The two maps are divided into smaller districts, each with its own safehouse and two missions per location to “liberate” it from the vampires. Add to that the small number of main missions, and you quickly come to the conclusion that in terms of content, there isn’t a whole lot present in Redfall. Except for the difficulty levels, you finish the title pretty quickly, and then you haven’t even reached the maximum level achievable.

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Characters without personality

The player assumes the role of one of four heroes, each of whom is of course equipped with their own set of skills. Each character has two main skills and an ultimate. None of the skills can really be called special, although Devinder Crousley’s teleport is perhaps the best addition when playing with multiple people. Because it can teleport not only Devinder, but also the rest of the team, you can move around the map super easily. Other than that, the characters definitely look unique and diverse, but nowhere is this really reflected in the story. On average, their reactions and voiced voice-overs are not very engaging. The characters are different enough among themselves, but because you’re just shooting most of the time, the skills have no real impact on the average fight. When you play with others, the characters build up “trust,” which unlocks a few more buffs.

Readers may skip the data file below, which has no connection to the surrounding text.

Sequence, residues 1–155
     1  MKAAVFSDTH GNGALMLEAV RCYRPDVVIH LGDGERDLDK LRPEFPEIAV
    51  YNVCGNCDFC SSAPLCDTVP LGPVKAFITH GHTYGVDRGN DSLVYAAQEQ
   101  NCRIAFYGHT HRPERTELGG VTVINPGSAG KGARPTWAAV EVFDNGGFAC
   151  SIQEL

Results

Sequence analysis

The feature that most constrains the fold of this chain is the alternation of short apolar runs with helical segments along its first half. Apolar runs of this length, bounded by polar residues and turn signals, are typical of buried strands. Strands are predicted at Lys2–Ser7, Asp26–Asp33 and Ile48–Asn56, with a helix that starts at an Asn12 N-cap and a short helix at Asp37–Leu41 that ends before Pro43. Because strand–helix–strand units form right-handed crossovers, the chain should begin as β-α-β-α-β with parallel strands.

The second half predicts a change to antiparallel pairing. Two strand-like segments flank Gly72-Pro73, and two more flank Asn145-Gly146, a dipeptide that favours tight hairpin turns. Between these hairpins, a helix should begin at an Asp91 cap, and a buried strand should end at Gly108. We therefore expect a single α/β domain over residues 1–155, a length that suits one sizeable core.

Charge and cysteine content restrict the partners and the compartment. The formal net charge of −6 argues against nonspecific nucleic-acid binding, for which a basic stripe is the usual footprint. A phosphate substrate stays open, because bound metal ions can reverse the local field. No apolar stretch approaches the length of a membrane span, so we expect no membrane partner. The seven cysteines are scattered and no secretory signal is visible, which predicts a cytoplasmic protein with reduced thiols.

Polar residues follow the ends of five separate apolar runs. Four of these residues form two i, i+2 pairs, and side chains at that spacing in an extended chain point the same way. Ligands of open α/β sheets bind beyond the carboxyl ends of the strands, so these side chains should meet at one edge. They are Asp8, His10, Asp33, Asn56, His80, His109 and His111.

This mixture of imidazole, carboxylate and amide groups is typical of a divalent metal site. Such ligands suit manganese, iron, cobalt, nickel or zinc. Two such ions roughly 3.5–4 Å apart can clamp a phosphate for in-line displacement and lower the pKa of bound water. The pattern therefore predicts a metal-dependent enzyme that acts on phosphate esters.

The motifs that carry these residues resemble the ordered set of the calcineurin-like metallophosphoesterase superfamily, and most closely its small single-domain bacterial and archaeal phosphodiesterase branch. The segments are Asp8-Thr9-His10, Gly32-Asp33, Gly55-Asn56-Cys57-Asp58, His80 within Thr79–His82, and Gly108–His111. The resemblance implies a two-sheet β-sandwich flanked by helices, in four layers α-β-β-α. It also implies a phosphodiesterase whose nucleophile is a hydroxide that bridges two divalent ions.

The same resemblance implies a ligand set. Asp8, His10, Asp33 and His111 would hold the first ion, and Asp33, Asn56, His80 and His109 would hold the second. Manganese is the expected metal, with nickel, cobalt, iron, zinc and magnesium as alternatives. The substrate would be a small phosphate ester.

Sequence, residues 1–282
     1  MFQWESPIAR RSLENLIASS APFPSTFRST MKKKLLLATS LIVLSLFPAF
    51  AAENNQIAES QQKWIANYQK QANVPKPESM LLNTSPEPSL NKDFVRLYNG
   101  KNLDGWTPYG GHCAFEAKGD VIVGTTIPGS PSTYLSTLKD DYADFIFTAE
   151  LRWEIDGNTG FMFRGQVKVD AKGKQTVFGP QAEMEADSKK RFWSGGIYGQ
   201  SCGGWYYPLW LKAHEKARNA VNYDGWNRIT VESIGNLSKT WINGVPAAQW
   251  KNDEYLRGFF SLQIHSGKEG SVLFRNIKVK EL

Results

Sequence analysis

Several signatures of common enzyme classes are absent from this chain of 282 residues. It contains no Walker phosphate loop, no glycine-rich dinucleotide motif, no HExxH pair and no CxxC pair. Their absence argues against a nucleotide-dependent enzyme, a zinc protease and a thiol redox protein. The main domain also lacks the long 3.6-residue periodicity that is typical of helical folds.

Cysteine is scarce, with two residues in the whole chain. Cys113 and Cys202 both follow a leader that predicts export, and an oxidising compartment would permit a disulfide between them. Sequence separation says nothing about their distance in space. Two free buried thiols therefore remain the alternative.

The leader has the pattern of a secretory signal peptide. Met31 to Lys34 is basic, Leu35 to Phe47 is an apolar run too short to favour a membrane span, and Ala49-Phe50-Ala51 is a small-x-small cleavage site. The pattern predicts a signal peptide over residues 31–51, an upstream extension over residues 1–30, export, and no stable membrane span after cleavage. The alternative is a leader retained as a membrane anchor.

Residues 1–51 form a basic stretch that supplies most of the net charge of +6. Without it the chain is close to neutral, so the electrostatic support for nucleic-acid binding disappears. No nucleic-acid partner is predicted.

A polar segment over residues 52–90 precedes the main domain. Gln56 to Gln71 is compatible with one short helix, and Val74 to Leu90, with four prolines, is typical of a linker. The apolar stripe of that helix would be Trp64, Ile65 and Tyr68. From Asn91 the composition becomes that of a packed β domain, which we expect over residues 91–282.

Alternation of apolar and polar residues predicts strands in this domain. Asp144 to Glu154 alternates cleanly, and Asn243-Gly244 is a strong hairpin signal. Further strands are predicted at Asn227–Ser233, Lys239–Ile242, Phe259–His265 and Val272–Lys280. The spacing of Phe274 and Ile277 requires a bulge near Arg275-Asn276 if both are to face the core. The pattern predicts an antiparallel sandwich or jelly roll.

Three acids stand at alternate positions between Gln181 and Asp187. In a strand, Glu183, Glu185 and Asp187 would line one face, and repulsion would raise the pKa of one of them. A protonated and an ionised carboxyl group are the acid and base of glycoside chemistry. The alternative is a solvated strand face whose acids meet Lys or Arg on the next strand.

The opponents are not insanely diverse and obviously consist of the various vampires and a few groups that worship vampires. These cultists come in three flavors, but are really nothing more than a simple reskin of the same opponents. The standard vampires are not very difficult to kill, after a few shots they remain still in the air and you can drive a stake through their heart. There are several special vampires that can still make your life difficult, and here it is immediately noticeable that the balance in the game is sometimes far off. Especially in single player you can have a hard time with the special opponents that can grab you for example, while in co-op you have no problems with them.

City without a face of its own